I celebrated my 65th birthday last week. A bunch of assumptions sometimes are made about that particular milestone. In the fairly recent past, many people were forced to retire once they reached 65. Many big companies had mandatory retirement ages for their workers. Even now, successful CEOs leave their jobs when they turn 65.
In January, I received a packet of forms from the corporate office of my employer, pertaining to my approaching retirement. Even though for me, a Baby Boomer, full Social Security retirement age is 66, the Company operates on the assumption that you will be retiring at 65. Fortunately, there was a section of the form for me to indicate that I would be working “until further notice”. I did that, since I’m not planning on retiring. For years, I have subscribed to the Rabbi Daniel Lapin Theory of Retirement: Don’t.
Since late last year, I have been receiving packets of advertising material from a host of insurance companies, urging me to choose their Medicare Advantage, or Medi-Gap plan. The assumption is, of course, that the minute I turn 65, I will register for Medicare. Their literature informs me that I have a special “open enrollment” period extending from three months before my 65th birthday, to three months after my birthday, where I may sign up for Medicare and choose a plan. The big clinic where I receive specialty care for my chronic disease has a policy of only accepting Medicare Advantage plans, and not traditional, fee-for-service Medicare for their eligible patients. I received a brochure from them, listing all the plans they accept, and inviting me to check their Web site for dates of Medicare Seminars describing all their plans. Funny, though, I have received nothing from the Government which sponsors Medicare and Social Security. They don’t seem to care whether I register for either program.
I’ve heard that “65 is the new 40”. That may, in fact, be true. Most of the people I work with can’t believe I’m 65. It’s nice to appear younger than your real age. But still, the background assumption is that soon you will quit work entirely and retire. Saving for Retirement is a big deal almost everywhere. My favorite local conservative radio station runs at least three different programs on the weekends dealing with retirement. One huge theme emphasized all over the radio and the Web is “maximizing your Social Security Benefits”. Many financial and retirement advisors run seminars, to teach you how to extract the maximum dollar value of your entitlements from Big Daddy Government. I just did a Google search, and it returned Nine Million, Eight Hundred Ninety Thousand results! For some reason, the idea of maximizing the dollars of the dole makes me cringe. Perhaps it’s because I know that every dollar a retiree receives in benefits is confiscated from a worker TODAY. No “lock box” exists; you just rack up “credits” while you are working, and these determine how much you may be eligible to receive in retirement. I’ve had an often-interrupted working life, with more than my share of unemployment, so I haven’t accumulated as much retirement savings as those who work continuously. But I think it’s enough, given that I don’t intend to retire.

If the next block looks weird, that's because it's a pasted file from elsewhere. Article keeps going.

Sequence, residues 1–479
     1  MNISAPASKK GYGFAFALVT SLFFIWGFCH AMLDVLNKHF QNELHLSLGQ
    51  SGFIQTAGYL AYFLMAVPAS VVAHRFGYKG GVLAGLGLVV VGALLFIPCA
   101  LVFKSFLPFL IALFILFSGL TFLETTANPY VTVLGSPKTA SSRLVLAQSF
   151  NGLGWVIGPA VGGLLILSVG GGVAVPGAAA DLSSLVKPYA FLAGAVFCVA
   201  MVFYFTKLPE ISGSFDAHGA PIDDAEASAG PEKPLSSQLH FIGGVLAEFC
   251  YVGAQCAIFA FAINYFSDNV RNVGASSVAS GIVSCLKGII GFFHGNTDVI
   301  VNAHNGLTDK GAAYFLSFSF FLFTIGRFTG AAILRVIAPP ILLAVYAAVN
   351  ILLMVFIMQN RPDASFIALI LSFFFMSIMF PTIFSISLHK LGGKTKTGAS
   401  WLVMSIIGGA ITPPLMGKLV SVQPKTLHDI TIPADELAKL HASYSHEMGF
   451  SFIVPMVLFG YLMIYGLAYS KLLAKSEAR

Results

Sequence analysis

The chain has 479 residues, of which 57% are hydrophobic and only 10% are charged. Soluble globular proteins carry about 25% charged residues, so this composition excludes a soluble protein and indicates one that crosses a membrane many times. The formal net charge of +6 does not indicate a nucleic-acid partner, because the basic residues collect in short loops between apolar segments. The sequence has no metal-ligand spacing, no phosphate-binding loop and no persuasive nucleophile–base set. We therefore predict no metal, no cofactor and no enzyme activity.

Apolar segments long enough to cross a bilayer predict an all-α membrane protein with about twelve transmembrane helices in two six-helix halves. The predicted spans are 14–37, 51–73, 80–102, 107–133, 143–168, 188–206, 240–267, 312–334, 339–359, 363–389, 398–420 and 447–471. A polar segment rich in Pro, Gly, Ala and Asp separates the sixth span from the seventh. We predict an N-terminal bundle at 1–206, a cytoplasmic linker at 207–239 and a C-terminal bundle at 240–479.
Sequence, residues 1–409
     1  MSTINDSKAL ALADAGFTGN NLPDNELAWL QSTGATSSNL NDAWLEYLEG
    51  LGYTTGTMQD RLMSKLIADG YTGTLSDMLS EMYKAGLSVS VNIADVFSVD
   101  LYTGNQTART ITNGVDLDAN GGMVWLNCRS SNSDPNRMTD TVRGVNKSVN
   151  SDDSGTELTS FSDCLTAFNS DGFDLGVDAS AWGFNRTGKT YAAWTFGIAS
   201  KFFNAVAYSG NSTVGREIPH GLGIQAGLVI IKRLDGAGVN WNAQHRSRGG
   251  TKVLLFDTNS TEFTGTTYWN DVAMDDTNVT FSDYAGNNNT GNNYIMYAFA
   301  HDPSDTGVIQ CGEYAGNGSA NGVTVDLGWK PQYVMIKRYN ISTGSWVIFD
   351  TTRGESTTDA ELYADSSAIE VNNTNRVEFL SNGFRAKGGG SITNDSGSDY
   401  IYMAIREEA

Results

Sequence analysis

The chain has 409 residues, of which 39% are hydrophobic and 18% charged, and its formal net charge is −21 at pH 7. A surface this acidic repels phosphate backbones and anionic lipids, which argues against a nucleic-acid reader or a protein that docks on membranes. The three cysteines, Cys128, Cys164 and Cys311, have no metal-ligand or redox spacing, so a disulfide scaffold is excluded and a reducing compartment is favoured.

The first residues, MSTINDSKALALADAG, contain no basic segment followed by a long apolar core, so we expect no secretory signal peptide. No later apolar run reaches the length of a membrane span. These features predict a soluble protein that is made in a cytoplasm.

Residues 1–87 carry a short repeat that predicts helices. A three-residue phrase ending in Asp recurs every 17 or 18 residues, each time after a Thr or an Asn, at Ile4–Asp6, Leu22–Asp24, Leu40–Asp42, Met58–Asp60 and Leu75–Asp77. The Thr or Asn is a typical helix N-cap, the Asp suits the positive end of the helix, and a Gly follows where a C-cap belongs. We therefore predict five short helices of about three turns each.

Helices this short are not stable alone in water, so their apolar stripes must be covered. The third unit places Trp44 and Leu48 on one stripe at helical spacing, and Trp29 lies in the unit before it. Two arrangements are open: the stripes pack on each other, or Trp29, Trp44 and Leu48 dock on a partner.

Now to the “risk-taking” part. The older many people get, the more they anticipate not being tied to a 9-to-5 job, and being able to relax or travel in retirement. They look forward to the day they can kiss the working life goodbye, and live off their investments and Social Security. When they turn 65, they register for Medicare and Social Security. They usually don’t think about what that means. When your primary health insurance provider is Uncle Sam, what “Medicare will pay for” determines what treatments your doctor may employ. Before ordering a test or prescribing a medicine, your doctor must consult a manual to see what the Government will “allow”. I love my doctor, and I just can’t accept that she will always have the Government in Washington, DC looking over her shoulder. So I am taking a big risk. I will not register for Medicare or Social Security. Right now, I’m on my husband’s insurance (which is much better than my own employer’s plan), and unless something horrible happens, that will be true for the foreseeable future. I’ll remain a productive member of Society, earning my own way, and telling Big Government to take a hike.